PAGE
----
New Braunfels Gemischter Chor Harmonie
In 1845, German immigrants led by Prince Carl Solms of Braunfels, Germany, came to Texas by way of Indianola following a difficult passage along the Guadalupe River and settled near the Comal Springs as the community of New Braunfels. Along with the Native Americans, new animals and plants – and severe weather – survivors remained focused and kept their priorities straight. Before the first building was erected, Hermann Seele started a school under a tree, with music undoubtedly a major part of the curriculum.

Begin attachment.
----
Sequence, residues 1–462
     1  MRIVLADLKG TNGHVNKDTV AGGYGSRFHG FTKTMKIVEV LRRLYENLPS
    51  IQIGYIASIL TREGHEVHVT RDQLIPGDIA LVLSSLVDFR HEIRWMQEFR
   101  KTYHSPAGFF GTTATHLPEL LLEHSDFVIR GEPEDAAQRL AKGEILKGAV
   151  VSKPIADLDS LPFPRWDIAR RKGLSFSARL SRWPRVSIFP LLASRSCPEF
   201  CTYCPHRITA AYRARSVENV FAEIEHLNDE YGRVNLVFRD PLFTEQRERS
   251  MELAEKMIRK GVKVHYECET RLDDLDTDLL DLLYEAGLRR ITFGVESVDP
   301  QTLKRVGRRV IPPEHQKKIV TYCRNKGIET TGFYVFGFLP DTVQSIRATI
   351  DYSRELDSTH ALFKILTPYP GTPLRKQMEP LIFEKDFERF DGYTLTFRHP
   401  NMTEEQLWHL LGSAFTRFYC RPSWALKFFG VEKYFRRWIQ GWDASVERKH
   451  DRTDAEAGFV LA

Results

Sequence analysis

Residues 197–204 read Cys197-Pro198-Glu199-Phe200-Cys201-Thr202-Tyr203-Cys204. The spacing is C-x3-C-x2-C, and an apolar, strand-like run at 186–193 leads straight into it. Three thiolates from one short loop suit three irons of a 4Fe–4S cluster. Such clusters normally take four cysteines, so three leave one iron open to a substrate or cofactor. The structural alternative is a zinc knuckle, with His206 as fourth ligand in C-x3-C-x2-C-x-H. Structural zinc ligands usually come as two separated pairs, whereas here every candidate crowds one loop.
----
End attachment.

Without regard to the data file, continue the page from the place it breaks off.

Giving up security and many comforts of the old country in Germany, these settlers adapted to their new harsh environment, and soon formed singing groups. Nostalgically remembering the good old days in the “Vaterland”, they sang familiar folk tunes and songs handed down from many great classical composers. In a mere five years, the New Braunfelsers organized the first formal German singing group in Texas, the “Germania” male singing society, in March, 1850. On October 15 and 16, 1853, New Braunfels hosted the first “Sängerfest” (singing festival) of the “Deutsch-Texanischer Sängerbund” (German-Texas Singers League), which continues to exist today. Almost every German community had a singing group and they all came to celebrate with song, orchestral dances, dinners, plays, parades led by brass bands, and gleeful “Gemütlichkeit.” So popular were these singing groups and festivities that new umbrella organizations had formed, such as the West Texanischen Gebirgs Sängerbund in 1881.